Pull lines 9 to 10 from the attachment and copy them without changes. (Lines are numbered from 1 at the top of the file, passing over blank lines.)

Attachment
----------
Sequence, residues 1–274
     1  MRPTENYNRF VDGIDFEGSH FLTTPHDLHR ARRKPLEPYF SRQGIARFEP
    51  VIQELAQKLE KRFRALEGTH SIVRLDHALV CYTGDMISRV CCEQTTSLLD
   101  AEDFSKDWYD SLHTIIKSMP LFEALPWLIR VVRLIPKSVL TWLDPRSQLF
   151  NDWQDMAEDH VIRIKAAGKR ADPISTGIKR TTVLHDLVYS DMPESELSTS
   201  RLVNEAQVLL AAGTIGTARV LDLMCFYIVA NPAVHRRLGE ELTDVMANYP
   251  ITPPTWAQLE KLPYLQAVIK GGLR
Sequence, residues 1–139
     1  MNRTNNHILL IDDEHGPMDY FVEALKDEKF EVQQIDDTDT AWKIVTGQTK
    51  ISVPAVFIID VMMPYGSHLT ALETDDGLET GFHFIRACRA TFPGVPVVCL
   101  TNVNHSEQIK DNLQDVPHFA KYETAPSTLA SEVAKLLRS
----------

     1  MNRTNNHILL IDDEHGPMDY FVEALKDEKF EVQQIDDTDT AWKIVTGQTK
    51  ISVPAVFIID VMMPYGSHLT ALETDDGLET GFHFIRACRA TFPGVPVVCL